Malaysia Airlines has stressed that its options are open vis-à-vis its future widebody fleet.
"We would like to reiterate that as of now, we have a firm order of 25 Boeing 737 aircraft with everything else being optional," says the carrier in a statement dated 21 September.
"The options, as well as a variety of other arrangements including the recent memorandum of understanding with Boeing, will allow us to have some flexibility in deciding which aircraft suits our operational environment best."
On 12 September, Boeing and Malaysia Airlines announced an agreement that gives the carrier the option of converting eight of its 25 orders for 737 Max 8 aircraft to 787-9s. At the same time, it added purchase rights for an additional eight 737 Max 8s.
The deal was announced in conjunction with a visit by Malaysian prime minister Najib Razak to Washington DC where he met US president Donald Trump. Razak reportedly told Trump that more orders from the country's airlines for US-built aircraft and aircraft engines are in the works, possibly reaching $10-20 billion.
In its 21 September statement, Malaysia Airlines said the potential 787-9 deal is worth $2.5 billion at list prices.
"The airline will negotiate extensively to ensure the best value on confirmation of the order."
Malaysia Airlines adds that aside from the potential 787 deal, it is exploring the possibility of obtaining used Airbus A330 aircraft, or possibly new A330neos.
Flight Fleets Analyzer shows that AirAsia and AirAsia X, the country's other carriers, are exclusive operators of Airbus equipment, although AirAsia's A320s are powered by CFM engines – CFM is a joint venture between General Electric and Safran.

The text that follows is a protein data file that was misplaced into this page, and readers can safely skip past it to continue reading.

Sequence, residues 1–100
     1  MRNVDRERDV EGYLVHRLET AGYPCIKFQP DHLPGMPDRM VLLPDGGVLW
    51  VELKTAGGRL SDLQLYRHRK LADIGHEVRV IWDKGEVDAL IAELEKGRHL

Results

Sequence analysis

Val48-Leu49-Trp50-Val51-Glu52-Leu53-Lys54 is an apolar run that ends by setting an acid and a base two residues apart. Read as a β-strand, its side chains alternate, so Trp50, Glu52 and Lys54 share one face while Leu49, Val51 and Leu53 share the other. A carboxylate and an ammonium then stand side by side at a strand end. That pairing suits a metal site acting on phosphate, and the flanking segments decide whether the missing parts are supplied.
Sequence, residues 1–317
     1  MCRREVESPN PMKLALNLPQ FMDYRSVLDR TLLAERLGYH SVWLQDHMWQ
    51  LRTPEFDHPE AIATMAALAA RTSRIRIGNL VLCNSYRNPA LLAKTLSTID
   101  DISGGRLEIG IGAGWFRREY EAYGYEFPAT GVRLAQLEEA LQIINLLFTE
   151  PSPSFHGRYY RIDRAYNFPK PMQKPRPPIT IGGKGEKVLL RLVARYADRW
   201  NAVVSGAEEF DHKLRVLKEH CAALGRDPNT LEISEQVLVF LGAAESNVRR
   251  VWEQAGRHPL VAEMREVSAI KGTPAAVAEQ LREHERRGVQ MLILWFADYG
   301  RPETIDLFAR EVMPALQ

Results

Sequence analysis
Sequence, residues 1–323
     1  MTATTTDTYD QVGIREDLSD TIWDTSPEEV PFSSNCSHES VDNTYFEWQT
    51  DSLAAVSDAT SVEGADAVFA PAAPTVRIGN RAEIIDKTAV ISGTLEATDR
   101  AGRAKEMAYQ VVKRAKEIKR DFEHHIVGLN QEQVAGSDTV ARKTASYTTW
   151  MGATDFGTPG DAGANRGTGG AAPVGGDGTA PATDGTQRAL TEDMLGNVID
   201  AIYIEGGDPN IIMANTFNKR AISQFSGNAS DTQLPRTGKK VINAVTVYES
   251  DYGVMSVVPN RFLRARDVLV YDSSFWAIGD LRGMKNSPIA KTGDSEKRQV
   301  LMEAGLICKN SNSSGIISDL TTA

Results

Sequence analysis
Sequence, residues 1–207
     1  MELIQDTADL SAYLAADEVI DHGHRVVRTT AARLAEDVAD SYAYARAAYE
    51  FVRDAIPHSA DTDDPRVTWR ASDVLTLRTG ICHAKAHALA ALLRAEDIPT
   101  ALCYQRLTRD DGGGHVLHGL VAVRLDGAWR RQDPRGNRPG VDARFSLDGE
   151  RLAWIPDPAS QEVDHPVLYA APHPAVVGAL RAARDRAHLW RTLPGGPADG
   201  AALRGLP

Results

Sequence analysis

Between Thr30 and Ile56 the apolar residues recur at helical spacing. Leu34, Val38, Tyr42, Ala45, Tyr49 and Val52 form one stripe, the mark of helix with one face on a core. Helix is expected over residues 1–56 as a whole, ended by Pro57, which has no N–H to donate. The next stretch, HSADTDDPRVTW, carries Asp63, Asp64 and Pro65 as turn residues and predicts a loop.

Boeing, for its part, is optimistic of bringing Malaysia into the 787 fold. At a recent media event in Singapore, Dinesh Keskar, senior vice-president of Asia Pacific and India Sales, Boeing Commercial Airplanes, said the company is hopeful of securing the Malaysia 787 deal by the end of 2017.
Malaysia Airlines says that should it elect to go with the 787-9, it will start adding them from the third quarter of 2019.
Flight Fleets Analyzer shows Malaysia Airlines' only firm widebody orders are for six A350-900 aircraft on order with build years from 2017 to 2019. All six will be managed by Air Lease Corporation.
Its in-service widebody fleet comprises 15 A330-300s and six A380s. The average age of the A330s is 5.3 years. Malaysia Airlines owns five outright, while the other ten are leased.